My view of corporations really began to change as I encountered the typical run of fussy, imperious and spoiled corporate investors and sleazy investment “pros” who lived by merely speculating on the probable actions of others, contributing absolutely nothing of value themselves. Here one sees in broad outlines the narcissist and the sociopath in one of their mutual attraction dances. The narcissist investor is driven by greed and fear. The sociopath stock operator is delighted to take down another victim.

Meanwhile, whatever mysteries lay behind 2008, 1987, 1929, 1907, etc. they had nothing to do with anything done by the average man or woman on the street. But the results affected them just the same. These grotesque financial convulsions, which destroyed savings, decimated businesses, caused living standards to fall, etc. were all caused by “the bigs” playing around with the money. These events all certainly had to do with concentrations of power, with aggregates of liquid capital formation (economic potential energy), and attempts to “game the system” to achieve certain results for those at the top.

I began to look more closely at the symbols on the back of a dollar bill. Yeah, they had always seemed weird to me, especially the pyramid with the creepy eye on it. What was that supposed to mean after all? It certainly wasn't the benevolent eye of God, so whose eye was it? (As children, I vaguely recall being told that that eye watched to see who stole the money from the table where it was left to pay for the milk.) I was working to get these weird pieces of paper, just as was everyone else, working under that eye in the pyramid.

I took a look at the words on the bill. “In God we trust?” That's always been a lie, even for those who believe in God. And what is Legal Tender? Well, it means that basically, if nothing else will do to settle a debt, these printed pieces of paper with mostly dead presidents on them damn sure will, including paying taxes. “Hey, if we can use them to pay taxes too, then they must be all right.” It began to dawn on me that none of these belonged to anyone but to those whose name was printed on every one of them, the Federal Reserve.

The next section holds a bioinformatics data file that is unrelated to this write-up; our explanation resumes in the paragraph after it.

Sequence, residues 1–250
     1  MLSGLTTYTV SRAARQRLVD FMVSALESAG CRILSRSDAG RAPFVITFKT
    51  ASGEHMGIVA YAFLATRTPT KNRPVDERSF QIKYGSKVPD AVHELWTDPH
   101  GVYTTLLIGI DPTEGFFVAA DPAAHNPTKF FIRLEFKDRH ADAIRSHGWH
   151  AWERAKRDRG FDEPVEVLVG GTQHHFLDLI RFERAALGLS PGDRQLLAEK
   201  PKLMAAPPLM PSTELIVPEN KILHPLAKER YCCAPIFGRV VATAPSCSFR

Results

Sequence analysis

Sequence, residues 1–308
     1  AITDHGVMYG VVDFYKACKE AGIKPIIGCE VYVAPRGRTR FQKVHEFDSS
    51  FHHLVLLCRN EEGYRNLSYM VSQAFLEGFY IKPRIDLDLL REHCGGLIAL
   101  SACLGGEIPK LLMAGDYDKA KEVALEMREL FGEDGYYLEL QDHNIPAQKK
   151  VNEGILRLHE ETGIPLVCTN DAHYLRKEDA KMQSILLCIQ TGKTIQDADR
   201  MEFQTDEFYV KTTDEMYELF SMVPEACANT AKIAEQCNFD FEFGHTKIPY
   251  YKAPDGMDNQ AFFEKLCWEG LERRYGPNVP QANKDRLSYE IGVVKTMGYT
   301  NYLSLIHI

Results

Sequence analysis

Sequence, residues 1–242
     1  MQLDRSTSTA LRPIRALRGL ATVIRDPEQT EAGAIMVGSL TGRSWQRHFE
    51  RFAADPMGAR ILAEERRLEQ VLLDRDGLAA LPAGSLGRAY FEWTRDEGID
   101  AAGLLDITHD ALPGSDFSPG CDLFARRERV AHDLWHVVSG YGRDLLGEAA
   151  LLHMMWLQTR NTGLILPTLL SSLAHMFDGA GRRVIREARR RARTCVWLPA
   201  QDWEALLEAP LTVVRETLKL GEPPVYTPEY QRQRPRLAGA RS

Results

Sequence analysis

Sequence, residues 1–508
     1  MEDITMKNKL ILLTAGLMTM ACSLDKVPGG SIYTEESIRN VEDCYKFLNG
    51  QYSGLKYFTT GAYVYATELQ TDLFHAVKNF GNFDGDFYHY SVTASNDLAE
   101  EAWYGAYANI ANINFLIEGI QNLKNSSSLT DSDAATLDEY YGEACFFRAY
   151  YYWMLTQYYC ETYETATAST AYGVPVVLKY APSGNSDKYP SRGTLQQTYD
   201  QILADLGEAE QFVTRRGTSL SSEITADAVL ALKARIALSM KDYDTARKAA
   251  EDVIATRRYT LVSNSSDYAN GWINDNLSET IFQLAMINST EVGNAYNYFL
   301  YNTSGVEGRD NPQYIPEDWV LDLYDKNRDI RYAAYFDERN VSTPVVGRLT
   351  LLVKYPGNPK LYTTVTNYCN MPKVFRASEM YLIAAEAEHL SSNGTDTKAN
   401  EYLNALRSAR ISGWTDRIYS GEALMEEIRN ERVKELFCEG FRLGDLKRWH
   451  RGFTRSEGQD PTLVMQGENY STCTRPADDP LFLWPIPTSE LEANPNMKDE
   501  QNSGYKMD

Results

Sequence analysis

E. C. Riegel certainly had no intention of attempting to displace dollars with Value Units or even bother wrestling in any way with the powers that be. He was acutely concerned about inflation. He reasoned that no contemporary monetary system was legitimate, honest or immortal. What is the immortal monetary system, the one that surfaces at all times when the du jour “public” or “national” monetary system fails? I had seen it in the belly of the Federal Reserve while I was there. My deep contacts always talked about it. What survived the onslaughts of the murderous 4th century of the common era? Gold, of course. Silver too along for the ride, as gold is by weight a relatively dense form of value representation. I had not realized exactly why Riegel's basis for Value Units could no longer be the dollar. Private and public sources were telling me, “the dollar is not forever.”